Hawaii would exempt groceries and medical services from its general excise tax if bills advancing through the Legislature become law.
Lawmakers heard a chorus of support Thursday from policy analysts, poverty advocates and the food industry for the proposal to stop taxing groceries.
It is not yet known what such a cut would cost the state. The initial estimate is $200 million for fiscal 2015 and $490 million in subsequent years, said Joshua Wisch, deputy director of the state Department of Taxation.
"The one thing we do know is, it’s costing our residents, in particular our low-income residents, a great deal," said state Sen. Sam Slom, the chamber’s lone Republican, who represents Hawaii Kai and introduced the proposal, Senate Bill 2169.
Keli‘i Akina, president of the Grassroot Institute of Hawaii, told the Senate Committee on Human Services that a family of four in Hawaii spends an average of $1,000 a month on groceries. Cutting state taxes, he said, would save such a family $450 a year.
Thirty-six states do not tax groceries, Lauren Zirbel, the executive director of the Hawaii Food Industry Association, testified. Seven of the remaining 14 impose lower tax rates than Hawaii, she said.
In written testimony opposing the measure, the Tax Foundation of Hawaii argued that an across-the-board cut to the excise tax rate would save taxpayers money while avoiding the arduous process of defining which food is eligible for the exemption.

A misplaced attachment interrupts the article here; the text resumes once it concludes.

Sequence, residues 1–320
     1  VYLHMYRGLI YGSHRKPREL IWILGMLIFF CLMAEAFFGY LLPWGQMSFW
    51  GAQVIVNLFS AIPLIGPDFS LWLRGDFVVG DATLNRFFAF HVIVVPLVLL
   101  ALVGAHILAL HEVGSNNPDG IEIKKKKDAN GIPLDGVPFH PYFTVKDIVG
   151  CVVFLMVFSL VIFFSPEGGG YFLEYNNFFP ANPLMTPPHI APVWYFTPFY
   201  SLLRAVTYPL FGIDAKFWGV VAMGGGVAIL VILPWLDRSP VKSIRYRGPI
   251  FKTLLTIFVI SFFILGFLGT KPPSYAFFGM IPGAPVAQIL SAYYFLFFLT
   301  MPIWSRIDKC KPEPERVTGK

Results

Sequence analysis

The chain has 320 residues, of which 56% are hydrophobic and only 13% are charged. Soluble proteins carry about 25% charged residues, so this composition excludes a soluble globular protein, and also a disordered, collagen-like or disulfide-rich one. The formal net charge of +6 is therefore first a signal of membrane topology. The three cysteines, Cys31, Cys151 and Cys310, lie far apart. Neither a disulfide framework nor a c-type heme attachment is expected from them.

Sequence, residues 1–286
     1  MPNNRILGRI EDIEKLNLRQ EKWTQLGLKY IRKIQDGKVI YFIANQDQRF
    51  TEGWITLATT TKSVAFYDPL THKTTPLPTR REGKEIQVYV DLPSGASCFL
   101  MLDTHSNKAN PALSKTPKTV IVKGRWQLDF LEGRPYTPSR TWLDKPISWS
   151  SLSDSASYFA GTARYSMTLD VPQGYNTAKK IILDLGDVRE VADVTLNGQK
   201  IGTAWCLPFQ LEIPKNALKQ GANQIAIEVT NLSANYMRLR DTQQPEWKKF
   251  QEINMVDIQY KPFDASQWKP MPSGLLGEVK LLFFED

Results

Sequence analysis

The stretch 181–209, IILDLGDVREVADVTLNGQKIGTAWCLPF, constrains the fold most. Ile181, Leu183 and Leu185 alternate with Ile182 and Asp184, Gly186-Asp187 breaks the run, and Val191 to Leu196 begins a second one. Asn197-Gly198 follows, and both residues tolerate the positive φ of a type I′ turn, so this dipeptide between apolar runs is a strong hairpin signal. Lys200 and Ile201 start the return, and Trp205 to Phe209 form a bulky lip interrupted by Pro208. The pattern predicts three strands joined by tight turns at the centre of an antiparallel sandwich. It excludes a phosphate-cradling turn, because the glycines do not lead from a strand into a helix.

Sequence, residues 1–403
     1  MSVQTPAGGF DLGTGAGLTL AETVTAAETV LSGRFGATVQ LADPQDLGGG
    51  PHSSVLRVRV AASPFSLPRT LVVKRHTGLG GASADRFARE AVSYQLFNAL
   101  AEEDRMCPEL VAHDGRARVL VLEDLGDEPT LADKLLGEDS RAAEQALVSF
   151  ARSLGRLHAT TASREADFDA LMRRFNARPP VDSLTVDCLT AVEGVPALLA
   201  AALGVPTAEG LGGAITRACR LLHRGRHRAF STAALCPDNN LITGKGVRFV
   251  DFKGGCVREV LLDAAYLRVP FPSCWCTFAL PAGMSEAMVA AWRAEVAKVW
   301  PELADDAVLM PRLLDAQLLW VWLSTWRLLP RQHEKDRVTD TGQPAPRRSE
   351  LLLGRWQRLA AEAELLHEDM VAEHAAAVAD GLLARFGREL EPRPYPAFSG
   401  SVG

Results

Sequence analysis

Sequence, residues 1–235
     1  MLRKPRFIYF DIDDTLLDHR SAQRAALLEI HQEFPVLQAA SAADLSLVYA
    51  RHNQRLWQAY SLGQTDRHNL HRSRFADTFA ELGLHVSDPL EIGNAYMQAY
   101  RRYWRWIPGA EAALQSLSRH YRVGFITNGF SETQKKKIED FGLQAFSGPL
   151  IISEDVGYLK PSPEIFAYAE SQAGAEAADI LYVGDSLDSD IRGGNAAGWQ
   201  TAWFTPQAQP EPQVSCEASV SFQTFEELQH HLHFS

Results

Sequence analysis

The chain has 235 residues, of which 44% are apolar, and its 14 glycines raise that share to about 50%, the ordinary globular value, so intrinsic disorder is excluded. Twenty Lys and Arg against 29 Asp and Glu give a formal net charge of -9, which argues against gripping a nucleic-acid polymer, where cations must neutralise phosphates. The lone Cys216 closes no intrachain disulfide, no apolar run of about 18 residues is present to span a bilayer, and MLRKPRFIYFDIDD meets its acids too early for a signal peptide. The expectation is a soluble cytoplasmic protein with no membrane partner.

The committee also advanced SB 2206, which would establish an earned income credit and cut tax liability for people who earn less than 125 percent of the federal poverty guideline.
Hawaii’s high cost of living and high poverty rate make such a measure necessary, Jenny Lee, an attorney with the Hawai‘i Appleseed Center for Law and Economic Justice, told the committee.
"It’s simply counterintuitive and inefficient policy to tax households deeper into poverty and then have expensive social services provided in order to try to alleviate the impact of poverty," she said.
The state would double the tax credits it offers to renters who make less than $30,000 a year, under another bill the committee advanced, SB 2835.
Sam Eifling, Associated Press